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Family: Cichlidae, Subfamily Cichlinae

Common Name: Firemouth

Origin and Habitat: On the Atlantic slope of Central America from the Yucatan Peninsula in Mexico down through Belize and into northern Guatemala. They inhabit shallow, slow-moving rivers and streams, often in turbid water, having a substrate of mud, sand or rock; remain close to the shore where there is overhanging vegetation for protection. Unless specifically imported, aquarium fish will have been commercially raised. Introduced into Colombia, Florida and the Hawaiian Islands.

Compatibility/Temperament: Mildly aggressive, rather peaceful for a cichlid. In its habitat, it can be found in small groups though this is not a true shoaling species. Males establish a territory defined by plants, sticks and branches whether or not they are breeding. Suitable in a small group in a 55g or larger aquarium; other fish must be non-aggressive and can include similar medium peaceful cichlids from Central America (in much larger tanks), medium barbs, larger characins and peaceful substrate fish. Not suitable with small fish. Will become more aggressive when spawning.

Firemouth Diet

Primarily herbivorous in nature (feeding largely on algae), it should receive some vegetable matter such as algae/spirulina/kelp base prepared foods and zucchini and cucumber. Prepared cichlid foods (flake, pellet). Frozen and/or live bloodworms, insects and insect larvae, daphnia, shrimp, and small earthworms occasionally.


Attains 17cm (6.6 inches) [Fishbase], though some sources indicate males usually attain 5-6 inches and females 4-5 inches.

Minimum Tank Suggestion

36 inch (40 gallon) for a pair; 48 inch (55g) and larger for a small group.

Water parameters for Firemouth

Soft to medium hard (< 20 dGH), slightly acidic to slightly basic (pH 6.5 to 8), temperature 22-27C/72-80F.


This is an excellent "first cichlid" for hobbyists due to its relative smaller size and generally more peaceful disposition (except when spawning). Wild caught fish are more colourful than the commercially raised fish, and this species shows considerable variation in colour throughout its distribution range. It has a lifespan of approximately ten years.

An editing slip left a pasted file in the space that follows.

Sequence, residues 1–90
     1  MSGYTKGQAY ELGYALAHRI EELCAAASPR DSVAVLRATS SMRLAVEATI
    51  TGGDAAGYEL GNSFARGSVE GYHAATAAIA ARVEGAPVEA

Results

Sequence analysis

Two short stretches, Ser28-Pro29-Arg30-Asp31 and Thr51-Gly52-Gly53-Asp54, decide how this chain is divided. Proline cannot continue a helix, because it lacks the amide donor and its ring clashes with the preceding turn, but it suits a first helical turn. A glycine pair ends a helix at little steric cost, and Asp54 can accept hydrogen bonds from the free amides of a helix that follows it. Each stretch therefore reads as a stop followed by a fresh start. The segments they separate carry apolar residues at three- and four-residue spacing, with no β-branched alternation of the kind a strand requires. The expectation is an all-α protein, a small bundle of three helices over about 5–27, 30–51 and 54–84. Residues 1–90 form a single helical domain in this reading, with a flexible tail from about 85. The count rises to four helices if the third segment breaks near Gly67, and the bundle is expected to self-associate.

While this is a mildly aggressive cichlid, it is also a very nervous fish; external noise will stress it, and tankmates must not be aggressive or boisterous. An aquarium with plenty of branches and floating plants will suit it admirably. It prefers quiet water, so the filter flow should not be excessive. Sand, gravel and rocks can be used for the substrate. This fish is a bottom feeder and substrate sifter, and will regularly "chew" mouthfuls of the substrate similar to the "earth-eater" cichlids of South America.

The male is more colourful and has pointed dorsal and anal fins; those of the female are usually rounded but not necessarily, and several sources suggest the two are near-identical in external appearance. Spawning is easy, and a pair will often remain together for several broods. This fish is a substrate spawner; usually a rock is used, and some sources mention a cave.

This fish was described in 1918 as Thorichthys helleri meeki by W.L. Brind. The subspecies epithet honours Seth Eugene Meek who erected the genus in 1904 for several of the smaller Central American cichlids. The genus name is from the Greek for leaping fish; apparently Meek observed these fish jumping from the water when he touched it with his finger. In 1980, D.S. Lee et al. placed this species in the genus Cichlasoma where it remained until W.E. Burgess (2000) returned it to Thorichthys as a distinct species.


Burgess, W.E. (2000), "The Cichlasoma story. Herichthys, the break-up," in Tropical Fish Hobbyist, volume 48 (no. 11), pp. 44-54.

Lee, D.S., and others (1980), Atlas of North American freshwater fishes, Publication No. 1980-12 of the North Carolina Biological Survey. [Individual contributors were responsible for species accounts.]

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The following members have contributed to this profile: Byron


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